How Long Does It Take For Hummingbird Eggs To Hatch?

how long does it take for hummingbird eggs to hatch

The life cycle of a hummingbird from egg to adult is an interesting one and can take several weeks. But, you might be wondering, how long does it take for hummingbird eggs to hatch?

Depending on the species of hummingbird and the weather conditions, hummingbird eggs can take anywhere from 14 to 21 days.

Let’s discuss this process in more detail.

When Do Hummingbirds Lay Their Eggs?

This again depends on the species and also the climate. Generally speaking, the most common time of year for nesting is May, especially for migrating birds.

However, you might be interested to learn that non-migratory birds such as the Anna’s or Allen’s hummingbird may lay their eggs as late as November and as early as February the following year. This is especially true if they live in warmer climates such as Southern California.

These non-migratory hummers will also lay several broods each year, while migratory birds will only manage 2 or 3 broods per year.

How A Hummingbird Lays Her Eggs

Another interesting fact about the female hummingbird is that she will only lay 2 eggs and not at the same time. She lays the first egg which is about the size of a pea or a coffee bean. Then she’ll wait a day and lay the second egg the following day.

Incubation doesn’t start until the second egg has been laid. The primary reason for this is so that both eggs will hatch at the same time.

Hummingbird eggs are tiny and perfectly white. They can weigh between 0.4 and 1.4 grams. These perfectly-formed eggs will nestle together in their tiny nest. They need to be kept warm without overheating so that they will hatch successfully.

How The Brooding Process Works

Once she’s laid the second egg, the female hummingbird will start the incubation process. This can take from 14 to 18 days. However, in colder areas, it can take up to 21 days.

To incubate her eggs, a mother hummingbird needs to maintain the temperature of the eggs from 96 to 98.6 degrees Fahrenheit. During this process, she has to distribute the heat evenly so they don’t get overheated.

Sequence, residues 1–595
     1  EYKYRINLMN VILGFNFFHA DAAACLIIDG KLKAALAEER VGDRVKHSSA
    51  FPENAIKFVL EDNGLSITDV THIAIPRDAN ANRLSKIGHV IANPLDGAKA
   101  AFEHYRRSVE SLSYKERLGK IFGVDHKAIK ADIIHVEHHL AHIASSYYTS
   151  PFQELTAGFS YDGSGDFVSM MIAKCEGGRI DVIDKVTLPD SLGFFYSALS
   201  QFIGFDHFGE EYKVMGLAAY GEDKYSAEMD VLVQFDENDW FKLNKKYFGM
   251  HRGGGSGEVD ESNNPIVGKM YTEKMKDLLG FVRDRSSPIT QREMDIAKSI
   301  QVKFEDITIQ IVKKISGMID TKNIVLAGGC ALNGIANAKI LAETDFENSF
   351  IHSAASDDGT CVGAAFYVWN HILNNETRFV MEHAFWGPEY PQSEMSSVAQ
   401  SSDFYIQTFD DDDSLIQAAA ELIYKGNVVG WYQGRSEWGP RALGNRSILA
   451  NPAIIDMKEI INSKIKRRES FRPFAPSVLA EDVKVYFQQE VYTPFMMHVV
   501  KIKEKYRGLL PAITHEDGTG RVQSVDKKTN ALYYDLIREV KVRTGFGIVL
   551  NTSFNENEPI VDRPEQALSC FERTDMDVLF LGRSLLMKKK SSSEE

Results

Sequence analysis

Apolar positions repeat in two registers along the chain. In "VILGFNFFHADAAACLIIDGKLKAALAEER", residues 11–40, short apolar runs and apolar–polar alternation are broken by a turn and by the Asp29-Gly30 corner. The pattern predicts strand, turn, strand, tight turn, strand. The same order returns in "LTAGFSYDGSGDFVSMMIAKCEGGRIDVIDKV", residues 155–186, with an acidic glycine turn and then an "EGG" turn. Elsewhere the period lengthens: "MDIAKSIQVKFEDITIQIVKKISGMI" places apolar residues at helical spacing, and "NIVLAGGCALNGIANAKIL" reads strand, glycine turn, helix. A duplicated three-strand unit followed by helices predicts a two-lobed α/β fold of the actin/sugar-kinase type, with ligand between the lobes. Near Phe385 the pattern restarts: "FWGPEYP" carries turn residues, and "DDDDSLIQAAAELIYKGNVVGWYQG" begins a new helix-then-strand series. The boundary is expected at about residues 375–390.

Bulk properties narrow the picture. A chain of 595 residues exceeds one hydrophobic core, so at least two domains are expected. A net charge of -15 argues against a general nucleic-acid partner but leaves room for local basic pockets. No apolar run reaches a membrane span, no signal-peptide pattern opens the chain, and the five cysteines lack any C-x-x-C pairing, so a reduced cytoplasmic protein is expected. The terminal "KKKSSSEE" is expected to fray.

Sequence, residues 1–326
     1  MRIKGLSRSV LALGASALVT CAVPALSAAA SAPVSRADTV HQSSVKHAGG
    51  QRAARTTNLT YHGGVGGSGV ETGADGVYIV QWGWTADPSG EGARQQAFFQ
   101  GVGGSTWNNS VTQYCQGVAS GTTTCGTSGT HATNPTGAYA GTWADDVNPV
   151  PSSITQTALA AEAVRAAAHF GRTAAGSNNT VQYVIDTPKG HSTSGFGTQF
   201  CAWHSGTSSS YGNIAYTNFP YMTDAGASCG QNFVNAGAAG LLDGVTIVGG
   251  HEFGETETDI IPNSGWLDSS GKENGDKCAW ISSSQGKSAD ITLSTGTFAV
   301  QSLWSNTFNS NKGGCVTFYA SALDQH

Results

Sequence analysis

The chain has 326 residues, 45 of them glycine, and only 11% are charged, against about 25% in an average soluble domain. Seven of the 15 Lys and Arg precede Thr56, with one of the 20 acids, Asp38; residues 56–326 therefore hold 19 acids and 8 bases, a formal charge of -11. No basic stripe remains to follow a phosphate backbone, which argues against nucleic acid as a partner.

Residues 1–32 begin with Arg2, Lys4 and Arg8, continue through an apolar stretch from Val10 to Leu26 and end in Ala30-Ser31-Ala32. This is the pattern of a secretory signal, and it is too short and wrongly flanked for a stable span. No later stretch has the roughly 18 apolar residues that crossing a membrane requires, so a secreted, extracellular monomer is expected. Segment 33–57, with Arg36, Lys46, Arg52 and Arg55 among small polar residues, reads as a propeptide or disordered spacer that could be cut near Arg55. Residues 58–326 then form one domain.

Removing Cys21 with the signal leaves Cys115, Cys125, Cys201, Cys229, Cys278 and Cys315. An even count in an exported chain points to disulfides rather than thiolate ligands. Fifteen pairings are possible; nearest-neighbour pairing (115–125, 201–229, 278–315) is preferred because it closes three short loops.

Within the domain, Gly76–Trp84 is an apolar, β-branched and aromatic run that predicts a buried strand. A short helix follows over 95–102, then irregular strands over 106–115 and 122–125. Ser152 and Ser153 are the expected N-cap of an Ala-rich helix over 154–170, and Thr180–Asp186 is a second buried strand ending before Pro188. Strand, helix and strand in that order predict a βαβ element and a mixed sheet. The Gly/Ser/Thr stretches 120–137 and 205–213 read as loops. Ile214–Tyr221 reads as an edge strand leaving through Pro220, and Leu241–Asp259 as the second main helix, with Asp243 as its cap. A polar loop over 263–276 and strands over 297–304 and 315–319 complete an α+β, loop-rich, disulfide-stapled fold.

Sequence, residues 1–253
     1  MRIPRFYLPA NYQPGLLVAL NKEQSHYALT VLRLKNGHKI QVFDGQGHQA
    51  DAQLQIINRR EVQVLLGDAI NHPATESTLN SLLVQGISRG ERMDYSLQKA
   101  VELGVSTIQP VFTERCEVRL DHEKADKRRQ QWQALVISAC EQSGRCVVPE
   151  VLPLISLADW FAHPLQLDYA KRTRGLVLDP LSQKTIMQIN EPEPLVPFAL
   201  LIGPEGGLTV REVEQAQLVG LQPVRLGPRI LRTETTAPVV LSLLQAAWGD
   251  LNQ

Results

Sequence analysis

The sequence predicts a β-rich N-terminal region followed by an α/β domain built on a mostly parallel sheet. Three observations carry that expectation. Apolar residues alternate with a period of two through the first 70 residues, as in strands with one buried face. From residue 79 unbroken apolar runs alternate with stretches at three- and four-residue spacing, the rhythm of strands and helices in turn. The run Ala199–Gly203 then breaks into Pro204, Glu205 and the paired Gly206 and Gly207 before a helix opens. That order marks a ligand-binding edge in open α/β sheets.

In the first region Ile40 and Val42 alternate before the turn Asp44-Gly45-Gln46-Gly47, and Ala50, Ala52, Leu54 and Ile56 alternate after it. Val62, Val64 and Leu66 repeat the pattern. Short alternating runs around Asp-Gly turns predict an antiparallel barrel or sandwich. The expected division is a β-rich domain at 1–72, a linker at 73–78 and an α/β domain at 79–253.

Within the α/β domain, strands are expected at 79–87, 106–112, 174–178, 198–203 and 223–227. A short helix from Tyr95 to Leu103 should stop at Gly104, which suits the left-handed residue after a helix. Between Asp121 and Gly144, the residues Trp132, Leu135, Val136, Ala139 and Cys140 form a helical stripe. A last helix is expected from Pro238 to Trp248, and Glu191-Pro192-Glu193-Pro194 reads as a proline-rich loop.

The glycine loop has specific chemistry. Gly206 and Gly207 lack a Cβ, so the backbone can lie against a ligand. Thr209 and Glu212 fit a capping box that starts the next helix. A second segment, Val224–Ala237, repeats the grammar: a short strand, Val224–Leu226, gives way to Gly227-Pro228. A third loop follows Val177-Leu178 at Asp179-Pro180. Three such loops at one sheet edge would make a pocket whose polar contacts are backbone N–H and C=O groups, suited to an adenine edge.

To do this, the mother hummingbird will turn the eggs with her beak and feet. She does this several times a day to ensure even heat distribution.

Generally, the female bird will sit on the eggs for about 50 minutes every hour. This leaves her around 10 minutes to leave the nest and feed. It’s really important that she doesn’t stay away from the nest too long, otherwise the eggs will lose too much heat.

Therefore, if you have hummingbirds nesting in your garden, make sure that you have plenty of nectar available for the little female birds so that they don’t have to travel too far from the nest.

Once the internal temperature of the eggs is maintained at a constant 100 degrees Fahrenheit, it’s time for the eggs to hatch. The tiny baby birds have a sharp hook on the end of their beaks. This allows them to break through the shell easily.

After the young birds have hatched, the mother hummingbird will toss the shells out of the nest to make room for the baby birds. Remember, each hummingbird nest is very small and can only comfortably accommodate two baby birds.

What Happens After The Eggs Hatch?

The new babies are born completely bald and with their eyes closed. They rely both on each other and their mother for warmth. For this reason, if only one egg hatches or the mother has only laid one egg, it’s rare for the tiny baby hummer to survive.

A baby hummingbird only weighs around 0.62 grams when it’s newly hatched. Within about 7 days, these tiny birds will double in size and will start to develop pin feathers. This allows them to regulate their body temperature a little better.

Within about 14 days, the tiny hummers will start to open their eyes. After another 4 days, actual feathers will start growing and babies will have their eyes completely open.

After another 10 days or so, the baby birds have grown to almost full size and struggle for space inside the nest. They are also fully alert and hungry!

Interesting Fact
Baby hummingbirds get rid of their excrement by pointing their rear end into the air and squirting out their poop. This ensures that the nest stays nice and clean.